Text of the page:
Some agents insure individuals; others, groups, as, for instance, a group of factory workers. They sell life, fire, marine, credit, accident, liability and various other forms of insurance. But in every case the same general qualifications are needed, and the same fundamental knowledge is required. The insurance agent should have a knowledge of sociology, economics, finance, psychology and salesmanship. His work, properly undertaken and carried out, is professional in character. He should be able to give clients sound advice of real service to them. For this reason he needs a good grounding in the subjects mentioned and, of course, in insurance.

A college education with special courses in insurance, though not absolutely essential, would be of great help to the insurance agent. Many insurance companies maintain courses in insurance and salesmanship for their employees, and there are schools of salesmanship and university extension courses in selling and insurance.

The insurance inspector is employed by casualty, particularly fire and marine, insurance companies. Before property is insured against fire, for instance, it is usually examined by an inspector. If it is a factory which is to be insured, the inspector investigates the raw materials used, the operation of machines, the discipline of employees, the fire prevention and extinguishing apparatus in the building and the construction of the building itself. In other words, he examines every detail which might in any way contribute towards the fire hazard. In order to do such work adequately, a large amount of technical knowledge is necessary. Besides this, the inspector must have the ability to describe his findings clearly and fully, for the action of the insurance company in accepting or rejecting the "risk" depends upon the report he makes. The inspector for a fire insurance company should be thoroughly acquainted with the methods of fire prevention, should be familiar with insurance practice, must be observant by nature and have plenty of common sense and tact. Similar qualifications and specialized knowledge in his line are necessary for the marine inspector.

Insurance investigators examine into the reported loss suffered by a client. In some cases, this is a relatively simple matter. In case of life insurance, for instance, or of accident insurance, the investigator has but to ascertain whether death or injury has actually occurred. In other cases the investigator's work is much more difficult. He may, for instance, have to inquire into an accident suffered by an individual through a man insured by his company. In this case the insurance company may have to pay damages to the injured individual, so the investigator must find out whether the accident actually occurred under circumstances provided for in the policy. If it did, the insurance company will be responsible; otherwise the policyholder himself will have to pay the damages.

The investigator of burglary insurance claims will often have to contend with fraudulent practices. Many times robberies are simulated for the sake of collecting insurance, and it is the duty of the investigator to discover such deceit. The actual work of the investigator is the investigation of the circumstances surrounding a claim for insurance, the interviewing of witnesses and the making of a report to the company.

The investigator must not only know the general principles of insurance, but should be thoroughly familiar with all types of policies in his field, so that he may be able to decide whether a claim is a just one. In order to carry on his work successfully, he must be alert and observant, and extremely tactful.

The work of the adjuster also calls for a great amount of tact. It is his duty to ascertain the money value of an injury suffered by an individual, through the agency of an insured client. Then he must attempt to persuade the injured person to accept a cash settlement of his claim, instead of starting a lawsuit against the insured, for this lawsuit would have to be defended by the insurance company. In order to succeed in his work, the adjuster must work with speed and diplomacy, making a favorable impression upon the claimant, and utilizing many of the qualities and methods of the salesman in his efforts at persuasion.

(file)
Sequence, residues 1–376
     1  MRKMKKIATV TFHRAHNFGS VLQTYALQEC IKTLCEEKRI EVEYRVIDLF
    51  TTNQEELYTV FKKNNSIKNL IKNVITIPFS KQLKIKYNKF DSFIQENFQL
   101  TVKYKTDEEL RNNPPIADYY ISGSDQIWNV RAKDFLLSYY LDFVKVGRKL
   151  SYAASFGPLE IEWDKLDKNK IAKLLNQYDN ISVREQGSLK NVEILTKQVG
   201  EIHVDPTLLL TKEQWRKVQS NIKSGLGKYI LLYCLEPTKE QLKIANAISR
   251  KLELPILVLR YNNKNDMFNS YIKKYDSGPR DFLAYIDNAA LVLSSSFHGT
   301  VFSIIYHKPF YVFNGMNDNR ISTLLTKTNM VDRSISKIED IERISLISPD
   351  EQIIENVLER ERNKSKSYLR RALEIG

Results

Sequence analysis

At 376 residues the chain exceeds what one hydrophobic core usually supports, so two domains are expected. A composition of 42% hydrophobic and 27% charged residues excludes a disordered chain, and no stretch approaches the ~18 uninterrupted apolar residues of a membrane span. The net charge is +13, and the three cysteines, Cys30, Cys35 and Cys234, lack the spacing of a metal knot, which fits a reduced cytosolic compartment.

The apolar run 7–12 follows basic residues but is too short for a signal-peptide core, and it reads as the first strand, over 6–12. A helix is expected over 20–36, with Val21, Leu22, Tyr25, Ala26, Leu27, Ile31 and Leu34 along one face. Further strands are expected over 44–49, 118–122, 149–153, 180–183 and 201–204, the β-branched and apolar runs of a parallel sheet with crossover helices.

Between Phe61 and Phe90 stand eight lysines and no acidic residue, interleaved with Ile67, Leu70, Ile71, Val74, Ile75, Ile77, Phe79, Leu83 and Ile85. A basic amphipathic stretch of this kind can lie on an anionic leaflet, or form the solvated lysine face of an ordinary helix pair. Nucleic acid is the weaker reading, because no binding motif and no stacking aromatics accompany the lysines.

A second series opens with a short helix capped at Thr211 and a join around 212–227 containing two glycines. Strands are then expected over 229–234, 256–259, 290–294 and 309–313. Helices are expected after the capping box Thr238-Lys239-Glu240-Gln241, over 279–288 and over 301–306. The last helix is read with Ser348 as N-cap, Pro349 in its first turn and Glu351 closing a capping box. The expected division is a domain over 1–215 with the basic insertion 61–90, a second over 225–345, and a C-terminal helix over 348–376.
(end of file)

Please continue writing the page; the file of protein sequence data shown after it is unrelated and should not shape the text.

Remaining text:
For the work of inspector, investigator or adjuster, it is well to have taken some courses in insurance principles and practice. Training for the actual work carried on by these men is usually supplied by the insurance companies themselves; but the development of the worker into an expert is largely a matter of experience in observing human nature, and in acting upon one's observations.

The field of insurance is a very attractive one for the young man who contemplates entering it. Although a large number of men are employed in it, there is room for many more, for every year thousands of people are ready to take out new policies. The work of insurance men is interesting, for it brings them in contact with many different types of people, and many different phases of life and, if well done, the work is remunerative. The actuary is paid a fixed salary, which is usually a very good one. The agent is paid on the commission basis, so that his income depends upon his own efforts and ability. Investigators, inspectors and adjusters earn from $2,000 or $3,000 a year up. Work in the field of insurance demands a constant output of energy—in many cases both physical and mental. But it brings a great reward to the conscientious worker in his realization of the fact that the work he is doing is of material benefit to society, reducing want and increasing thrift, safety and individual independence.


ALEXANDER, WILLIAM: "What Life Insurance Is and Does," The Spectator Co., New York, 1917.

DAWSON, MILES M.: "The Business of Life Insurance," A. S. Barnes & Co., New York, 1905.

HORNER, WARREN M.: "Training for a Life Insurance Agent," J. B. Lippincott Co., Philadelphia, 1917.

HUEBNER, SOLOMON S.: "Marine Insurance," D. Appleton & Co., New York, 1920. "Property Insurance," D. Appleton & Co., New York, 1919.

REES, FRED H.: "Investigators' and Adjusters' Handbook," The Spectator Co., New York, 1918.

RIEOEL, ROBERT, and LOMAN, H. J.: "Insurance: Principles and Practices," Prentice-Hall, Inc., New York, 1921.

RUBINOW, ISAAC M.: "Social Insurance," Henry Holt & Co., New York, 1913.


American Agency Bulletin, National Association of Insurance Agents, New York.

Casualty Review, National Underwriter Co., Cincinnati, Ohio. Insurance Press, Insurance Press Co., New York.

Insurance Salesmen, Rough Notes Co., Indianapolis, Ind.

National Underwriter, National Underwriter Co., Chicago.

Safety Engineering, Safety Press, Inc., New York.

Home | More Articles | Email: